On a wintry night at a Budapest café, having unceremoniously quizzed her about her absent date and copy of Anna Karenina, Alfred Kralik suggests to Klara Novak, “There might be a lot we don’t know about each other. You know, people seldom go to the trouble of scratching the surface of things to find the inner truth.” To this she sharply replies, “Well I really wouldn’t care to scratch your surface, Mr Kralik, because I know exactly what I’d find. Instead of a heart, a handbag. Instead of a soul, a suitcase. And instead of an intellect, a cigarette lighter… which doesn’t work.” Baffled, Kralik just manages to reply, “Well that’s very nicely put… that’s a very interesting mixture of… poetry and… meanness.”

In Mr Matuschek’s leather goods shop, everything in life seems to have been neatly catalogued and shelved. From the cigarette boxes that play ‘Ochi Chërnye’, to the big black suitcases in the back room, things are put in their proper place and are sold for their proper price. When Mr Matuschek (Frank Morgan) hires Klara Novak (Margaret Sullavan), a bright young woman looking for work, the antagonism between her and his idealistic head salesman, Alfred Kralik (James Stewart), threatens to throw his shop, and all their lives into chaos.

Unbeknownst to each other, Alfred and Klara become involved in a romantic correspondence after he replies to her anonymous ad in the local paper. Still knowing each other only as “Dear Friend”, the two arrange to meet. On the night of their date while working late on a Christmas display, Kralik is fired by a jealous Matuschek who wrongly suspects him of having an affair with his wife. When Kralik goes to meet his pen-pal at a café, he discovers that it is none other than Klara. How could the woman with whom he has been bickering for the last six months have written such moving letters about art, literature, and love? Could he have been fighting with Klara all that time because he loved her?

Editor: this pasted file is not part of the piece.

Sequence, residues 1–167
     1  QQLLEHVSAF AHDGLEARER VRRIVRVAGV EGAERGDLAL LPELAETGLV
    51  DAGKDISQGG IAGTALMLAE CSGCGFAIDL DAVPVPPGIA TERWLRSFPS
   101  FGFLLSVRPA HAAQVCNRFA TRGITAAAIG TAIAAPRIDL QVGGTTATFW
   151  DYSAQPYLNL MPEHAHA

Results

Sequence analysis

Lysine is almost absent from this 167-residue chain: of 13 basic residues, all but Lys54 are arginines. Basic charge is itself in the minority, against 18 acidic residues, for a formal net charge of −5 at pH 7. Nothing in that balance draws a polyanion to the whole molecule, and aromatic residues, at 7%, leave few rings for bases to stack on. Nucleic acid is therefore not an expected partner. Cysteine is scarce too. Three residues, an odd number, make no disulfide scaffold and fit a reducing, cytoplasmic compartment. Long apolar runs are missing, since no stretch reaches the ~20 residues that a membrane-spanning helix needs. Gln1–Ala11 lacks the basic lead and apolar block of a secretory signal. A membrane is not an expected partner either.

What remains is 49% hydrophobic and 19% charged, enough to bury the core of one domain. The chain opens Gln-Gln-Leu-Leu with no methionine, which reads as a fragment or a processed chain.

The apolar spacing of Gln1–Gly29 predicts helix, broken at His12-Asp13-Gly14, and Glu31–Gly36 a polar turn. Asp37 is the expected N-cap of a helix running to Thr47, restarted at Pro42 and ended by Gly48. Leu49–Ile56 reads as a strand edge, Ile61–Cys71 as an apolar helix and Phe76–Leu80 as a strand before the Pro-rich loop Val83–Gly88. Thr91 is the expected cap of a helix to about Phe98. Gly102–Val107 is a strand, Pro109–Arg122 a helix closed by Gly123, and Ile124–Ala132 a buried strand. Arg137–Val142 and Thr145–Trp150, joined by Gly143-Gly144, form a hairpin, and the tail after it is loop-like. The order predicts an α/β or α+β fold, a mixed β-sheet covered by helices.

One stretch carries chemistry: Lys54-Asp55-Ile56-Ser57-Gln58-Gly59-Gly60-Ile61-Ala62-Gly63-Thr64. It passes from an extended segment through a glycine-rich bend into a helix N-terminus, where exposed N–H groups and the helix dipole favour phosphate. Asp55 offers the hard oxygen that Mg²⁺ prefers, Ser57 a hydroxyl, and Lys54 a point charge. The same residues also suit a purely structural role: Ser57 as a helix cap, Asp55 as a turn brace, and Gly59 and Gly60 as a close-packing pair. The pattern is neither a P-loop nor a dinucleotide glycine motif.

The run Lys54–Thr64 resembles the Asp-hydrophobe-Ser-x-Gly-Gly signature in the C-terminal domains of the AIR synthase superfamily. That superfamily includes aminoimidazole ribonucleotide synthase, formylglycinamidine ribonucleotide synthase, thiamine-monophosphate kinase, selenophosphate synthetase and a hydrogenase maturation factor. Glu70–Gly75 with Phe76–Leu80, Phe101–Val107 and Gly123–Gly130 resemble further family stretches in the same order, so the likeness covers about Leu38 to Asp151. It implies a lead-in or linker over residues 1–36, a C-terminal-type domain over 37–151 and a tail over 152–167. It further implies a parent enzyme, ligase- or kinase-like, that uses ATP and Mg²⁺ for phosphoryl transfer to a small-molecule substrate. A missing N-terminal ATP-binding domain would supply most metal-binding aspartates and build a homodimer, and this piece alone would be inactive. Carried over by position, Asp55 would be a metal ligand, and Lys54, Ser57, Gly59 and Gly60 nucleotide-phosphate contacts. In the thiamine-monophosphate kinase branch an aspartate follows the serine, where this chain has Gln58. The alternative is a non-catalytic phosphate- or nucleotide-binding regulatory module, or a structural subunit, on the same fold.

Somewhere in backlot Hollywood Budapest in 1940, one of the greatest ensemble casts in history gathered under the wing of comedic master Ernst Lubitsch to make The Shop Around the Corner, one of the most delicious Christmas films. To be necessarily reductive, Lubitsch, who moved to Hollywood in 1922 after a wildly successful career as a silent film director in Germany, made some of the most intelligent comedies of the 1930s and ‘40s, among them Trouble in Paradise, Ninotchka, and To Be or Not to Be.


The film was remade as the 1949 musical In the Good Old Summertime with Judy Garland in Sullavan’s role, the 1963 Broadway musical She Loves Me, and finally in 1998 by Nora Ephron  as You’ve Got Mail, starring Tom Hanks and Meg Ryan. None of these remakes live up to the eccentric hilarity of Lubitsch’s original. At once a light romantic comedy and a moving portrayal of ‘30s Hungary that has a lot to say about post-depression America, The Shop Around the Corner is full of humorous exchanges, slapstick moments, and subtle political commentary – all undoubtable examples of what has come to be known as “the Lubitsch touch”.